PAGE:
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Learn how to optimize employee performance at your organization.

Top-quartile business units have 50% higher revenue/sales than those in the bottom quartile.

The relationship between B2C customer engagement and organizational outcomes

Gallup's latest meta-analysis on the relationship between team engagement and performance covers more than 82,000 teams globally.

35% of U.S. Managers Are Engaged in Their Jobs

Engaged companies outperform their competition, Gallup finds. And when it comes to assessing their workforces' engagement, those companies measure the right things in the right way.

Two researchers say that your tribe is more important than anything else at work. Here’s how companies can harness the power of that insight to understand and influence team performance.

When Gallup analyzed high-performing workgroups to understand what drives their success, one of the dozen elements that emerged as most important was the statement “This last year, I have had opportunities at work to learn and grow.” Decades of research reveals that employees give more of themselves when they feel a sense of progress rather than feeling stagnant, according to the authors of 12: The Elements of Great Managing.

This question has been nagging at executives, investors, and the media. Here, Gallup's chief economist sheds some much-needed light on the subject. He also tells how companies can protect themselves if there's a serious downturn and what managers -- many of whom have never lived through a real economic slump -- should know.

Building a strengths-based organization seems like it would be simple. The concept is so intuitive, the thinking goes, that embedding strengths in a company's DNA should be almost effortless. But this is one of the biggest myths about strengths management -- and, for that matter, about managing transformational change.

It's summed up this way: "My associates or fellow employees are committed to doing quality work." This means that managers should make sure that their teams aren't infiltrated by slackers, who can hurt performance and undermine the morale of those determined to do their jobs to excellence.

The need to feel a connection to a larger cause is very important to most employees. In fact, believing that "the mission or purpose of my company makes me feel my job is important" is a primary motivator, according to the authors of 12: The Elements of Great Managing.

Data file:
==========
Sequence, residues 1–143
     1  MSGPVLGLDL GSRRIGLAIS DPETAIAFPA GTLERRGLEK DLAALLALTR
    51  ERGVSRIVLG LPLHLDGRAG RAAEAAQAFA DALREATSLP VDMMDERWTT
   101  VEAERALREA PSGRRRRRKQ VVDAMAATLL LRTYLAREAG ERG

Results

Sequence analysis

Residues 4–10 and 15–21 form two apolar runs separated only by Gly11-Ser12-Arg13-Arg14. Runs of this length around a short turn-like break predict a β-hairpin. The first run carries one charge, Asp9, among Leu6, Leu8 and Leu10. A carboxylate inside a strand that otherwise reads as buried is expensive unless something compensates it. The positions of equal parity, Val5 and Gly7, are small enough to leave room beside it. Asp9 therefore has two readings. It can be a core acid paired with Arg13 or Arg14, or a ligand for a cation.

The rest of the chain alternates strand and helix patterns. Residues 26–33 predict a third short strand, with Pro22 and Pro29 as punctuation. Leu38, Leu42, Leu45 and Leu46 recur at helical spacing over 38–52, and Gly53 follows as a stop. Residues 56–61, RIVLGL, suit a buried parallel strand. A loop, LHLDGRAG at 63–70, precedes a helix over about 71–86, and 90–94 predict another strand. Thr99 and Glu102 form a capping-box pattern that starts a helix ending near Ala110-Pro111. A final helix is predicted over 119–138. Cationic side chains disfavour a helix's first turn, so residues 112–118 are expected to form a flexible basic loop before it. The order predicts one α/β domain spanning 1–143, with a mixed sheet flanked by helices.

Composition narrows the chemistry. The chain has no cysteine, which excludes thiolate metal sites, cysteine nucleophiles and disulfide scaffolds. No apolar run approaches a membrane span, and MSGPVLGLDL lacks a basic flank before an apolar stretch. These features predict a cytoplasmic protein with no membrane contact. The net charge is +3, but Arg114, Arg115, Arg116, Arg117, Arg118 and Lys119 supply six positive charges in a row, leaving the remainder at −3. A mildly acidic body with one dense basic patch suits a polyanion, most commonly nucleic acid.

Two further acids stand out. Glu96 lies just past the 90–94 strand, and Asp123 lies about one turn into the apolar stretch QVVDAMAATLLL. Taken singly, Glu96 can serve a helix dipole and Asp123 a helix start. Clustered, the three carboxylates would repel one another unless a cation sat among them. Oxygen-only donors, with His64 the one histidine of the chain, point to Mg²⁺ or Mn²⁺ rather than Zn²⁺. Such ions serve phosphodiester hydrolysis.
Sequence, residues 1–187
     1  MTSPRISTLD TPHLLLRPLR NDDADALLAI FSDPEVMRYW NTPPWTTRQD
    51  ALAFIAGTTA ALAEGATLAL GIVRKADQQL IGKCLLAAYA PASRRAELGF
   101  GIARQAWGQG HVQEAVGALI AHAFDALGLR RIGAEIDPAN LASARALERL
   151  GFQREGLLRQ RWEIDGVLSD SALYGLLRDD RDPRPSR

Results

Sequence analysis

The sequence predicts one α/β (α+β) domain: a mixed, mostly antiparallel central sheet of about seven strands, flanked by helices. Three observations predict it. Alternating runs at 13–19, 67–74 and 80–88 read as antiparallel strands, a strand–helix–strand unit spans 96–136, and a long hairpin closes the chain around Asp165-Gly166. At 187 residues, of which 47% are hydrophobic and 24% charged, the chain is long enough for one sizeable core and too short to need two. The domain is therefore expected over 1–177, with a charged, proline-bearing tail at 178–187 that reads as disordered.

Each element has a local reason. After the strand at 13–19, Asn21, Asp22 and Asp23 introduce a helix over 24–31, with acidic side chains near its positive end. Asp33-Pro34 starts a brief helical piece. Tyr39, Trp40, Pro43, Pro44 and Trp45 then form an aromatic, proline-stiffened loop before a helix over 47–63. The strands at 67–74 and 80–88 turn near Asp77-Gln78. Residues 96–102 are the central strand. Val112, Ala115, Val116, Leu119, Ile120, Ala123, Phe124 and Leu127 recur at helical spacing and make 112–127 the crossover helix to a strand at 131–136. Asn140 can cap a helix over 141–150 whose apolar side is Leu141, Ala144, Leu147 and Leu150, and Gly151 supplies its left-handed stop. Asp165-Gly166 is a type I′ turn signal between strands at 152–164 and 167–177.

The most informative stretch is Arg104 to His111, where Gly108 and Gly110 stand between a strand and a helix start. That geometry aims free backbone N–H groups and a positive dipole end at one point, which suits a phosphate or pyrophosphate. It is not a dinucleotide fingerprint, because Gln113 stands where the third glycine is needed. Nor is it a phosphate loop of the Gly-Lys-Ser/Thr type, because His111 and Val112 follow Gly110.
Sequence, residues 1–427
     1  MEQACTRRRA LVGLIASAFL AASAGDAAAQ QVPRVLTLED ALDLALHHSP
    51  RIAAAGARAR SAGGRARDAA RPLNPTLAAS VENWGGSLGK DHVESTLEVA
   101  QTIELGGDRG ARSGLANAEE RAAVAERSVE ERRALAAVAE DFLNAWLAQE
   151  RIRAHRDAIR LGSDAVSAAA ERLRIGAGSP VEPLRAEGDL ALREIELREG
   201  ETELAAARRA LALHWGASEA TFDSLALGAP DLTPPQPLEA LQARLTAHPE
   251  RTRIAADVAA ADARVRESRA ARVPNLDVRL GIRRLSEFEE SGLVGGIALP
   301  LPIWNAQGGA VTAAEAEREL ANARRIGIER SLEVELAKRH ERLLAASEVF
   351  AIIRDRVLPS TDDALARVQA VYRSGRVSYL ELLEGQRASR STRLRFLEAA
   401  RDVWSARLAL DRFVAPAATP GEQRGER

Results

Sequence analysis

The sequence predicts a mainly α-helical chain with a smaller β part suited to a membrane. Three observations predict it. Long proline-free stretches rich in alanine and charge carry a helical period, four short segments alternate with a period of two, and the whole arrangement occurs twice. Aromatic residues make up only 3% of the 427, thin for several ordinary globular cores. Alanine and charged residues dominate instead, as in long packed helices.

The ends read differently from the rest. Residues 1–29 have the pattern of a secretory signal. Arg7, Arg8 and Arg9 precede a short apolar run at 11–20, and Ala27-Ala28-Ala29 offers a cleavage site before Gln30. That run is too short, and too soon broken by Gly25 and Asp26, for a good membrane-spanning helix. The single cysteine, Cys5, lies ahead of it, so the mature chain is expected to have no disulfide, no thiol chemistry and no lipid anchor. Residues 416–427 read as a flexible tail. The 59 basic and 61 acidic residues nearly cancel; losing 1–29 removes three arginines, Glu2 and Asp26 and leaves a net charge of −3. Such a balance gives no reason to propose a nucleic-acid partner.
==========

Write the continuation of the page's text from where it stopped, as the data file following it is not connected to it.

It matters a lot to employees if their opinions count. That's because people work much harder at something that is at least partly their own idea, according to the authors of 12: The Elements of Great Managing.

Your company must do more than make promises to consumers. You need brand ambassadors who deliver on them, says William J. McEwen, author of Married to the Brand.

When deciding where to put their money, do investors take into account the engagement level of a company's employees? If not, it's time they did. Gallup research has found that higher workplace engagement predicts higher earnings per share among publicly traded businesses. Read our report of these groundbreaking findings.

The ramifications of matching employees to what they naturally do best are profound. So much so that this aspect of work life emerged as one the elements that best predict the performance of an employee or team. The authors of the New York Times bestseller 12: The Elements of Great Managing explain.

Fully engaged customers deliver a 23% premium over average customers in share of wallet, profitability, revenue, and relationship growth. That's exactly why so many call centers survey customers to determine their level of engagement. But what happens in between measurements? Specifically, how can a team leader keep customer engagement from feeling like an isolated event, rather than a way of doing business?

Some marketers think that by using high-tech neurological equipment that traces brain activity, they can learn what makes consumers tick and create more successful ads. Setting aside its Big Brother implications, does neuromarketing even work? Marketing expert John Fleming, who has spent many hours reviewing the brain scans of Japanese shoppers, isn't so sure.

When companies overlook women for executive positions, they ignore a vast talent pool and undermine their profitability. So argues Robin Gerber, author of the newly released Katharine Graham: The Leadership Journey of an American Icon. In this interview, Gerber tells what overlooking women costs companies, what women bring to the boardroom table, and what women -- and men -- need to become truly great leaders.

How a focused and determined new manager of an underperforming hotel tightened expectations, showed the staff their potential, and turned the property's finances around.